The above described and other objects of the present invention can be achieved by an improved method for producing a light-conducting glass fiber, which comprises the steps of drawing a molten glass contained in a first reservoir and containing ions having a greater degree of contribution to the refractive index through a central nozzle connected to the outlet of the first reservoir so that a core portion of the glass fiber is thereby formed, ejecting a melted glass contained in a second reservoir and containing ions having a lower degree of contribution to the refractive index from an annular nozzle connected to the outlet of the second reservoir for coating the core glass continuously, the tip of the contral nozzle being located at an axially retracted position relative to the tip of the annular nozzle, whereby a mutual thermal diffusion of ions having a greater degree of contribution to the refractive index and ions having a lower degree of contribution to the refractive index is caused through the boundary surface of these two kinds of glasses located in the retion between these two tips.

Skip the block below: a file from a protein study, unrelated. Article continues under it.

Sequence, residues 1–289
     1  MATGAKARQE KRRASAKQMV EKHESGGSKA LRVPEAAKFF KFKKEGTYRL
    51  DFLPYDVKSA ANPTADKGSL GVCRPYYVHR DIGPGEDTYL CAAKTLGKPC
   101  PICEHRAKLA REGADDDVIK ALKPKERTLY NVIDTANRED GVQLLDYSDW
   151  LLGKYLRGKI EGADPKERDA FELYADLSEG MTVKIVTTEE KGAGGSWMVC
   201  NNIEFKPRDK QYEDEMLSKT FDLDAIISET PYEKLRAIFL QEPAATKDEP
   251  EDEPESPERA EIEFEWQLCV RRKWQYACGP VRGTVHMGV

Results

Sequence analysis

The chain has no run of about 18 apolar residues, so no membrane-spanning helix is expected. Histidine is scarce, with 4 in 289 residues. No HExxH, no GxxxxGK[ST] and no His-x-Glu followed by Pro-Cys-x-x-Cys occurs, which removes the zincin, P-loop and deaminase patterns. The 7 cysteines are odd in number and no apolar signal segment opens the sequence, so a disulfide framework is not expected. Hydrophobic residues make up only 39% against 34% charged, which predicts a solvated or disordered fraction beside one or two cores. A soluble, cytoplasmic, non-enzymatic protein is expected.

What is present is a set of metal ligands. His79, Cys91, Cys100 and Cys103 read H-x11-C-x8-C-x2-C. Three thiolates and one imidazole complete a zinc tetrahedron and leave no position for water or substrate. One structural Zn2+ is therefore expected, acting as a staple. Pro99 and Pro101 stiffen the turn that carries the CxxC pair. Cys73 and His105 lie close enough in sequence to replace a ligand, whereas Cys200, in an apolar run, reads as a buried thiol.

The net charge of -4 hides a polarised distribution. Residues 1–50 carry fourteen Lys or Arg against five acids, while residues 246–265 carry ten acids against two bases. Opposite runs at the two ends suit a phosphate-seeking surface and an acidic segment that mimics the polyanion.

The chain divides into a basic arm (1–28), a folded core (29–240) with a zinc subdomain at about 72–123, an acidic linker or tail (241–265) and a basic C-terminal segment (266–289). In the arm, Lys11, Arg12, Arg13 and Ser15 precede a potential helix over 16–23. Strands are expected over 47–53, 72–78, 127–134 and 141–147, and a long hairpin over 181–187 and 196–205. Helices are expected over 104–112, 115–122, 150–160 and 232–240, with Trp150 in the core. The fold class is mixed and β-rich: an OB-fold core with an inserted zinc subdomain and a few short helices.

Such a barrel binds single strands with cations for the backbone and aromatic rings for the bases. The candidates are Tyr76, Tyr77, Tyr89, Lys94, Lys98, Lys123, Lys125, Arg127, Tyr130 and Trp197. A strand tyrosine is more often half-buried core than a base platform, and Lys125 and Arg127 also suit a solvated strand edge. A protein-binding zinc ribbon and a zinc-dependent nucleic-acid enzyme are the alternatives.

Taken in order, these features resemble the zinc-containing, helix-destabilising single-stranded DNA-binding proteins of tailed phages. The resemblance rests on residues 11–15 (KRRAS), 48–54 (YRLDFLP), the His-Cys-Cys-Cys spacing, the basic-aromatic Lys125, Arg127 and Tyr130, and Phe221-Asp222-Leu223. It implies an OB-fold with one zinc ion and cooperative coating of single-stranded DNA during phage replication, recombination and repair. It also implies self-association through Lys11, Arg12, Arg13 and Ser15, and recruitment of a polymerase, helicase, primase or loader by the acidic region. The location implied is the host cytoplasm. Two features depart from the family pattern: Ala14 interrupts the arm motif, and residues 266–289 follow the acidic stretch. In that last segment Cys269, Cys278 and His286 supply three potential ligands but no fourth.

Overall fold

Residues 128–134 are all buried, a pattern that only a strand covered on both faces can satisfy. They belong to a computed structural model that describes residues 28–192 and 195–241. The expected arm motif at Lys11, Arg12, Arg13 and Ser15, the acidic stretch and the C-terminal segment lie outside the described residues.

The nature, principle, and utility of the invention will be better understood from the following detailed description of the invention when read in conjunction with the accompanying drawings.

BRIEF DESCRIPTION OF THE DRAWING In the drawing:

FIG. 1 is a longitudinal sectional view indicating one example of a process for producing a light-conducting fiber according to the present invention; and

H68. 2(a) and 2(b) are graphical representations of distributions of refractive indexes in glasses obtained during the process for producing the light-conducting fiber according to the present invention.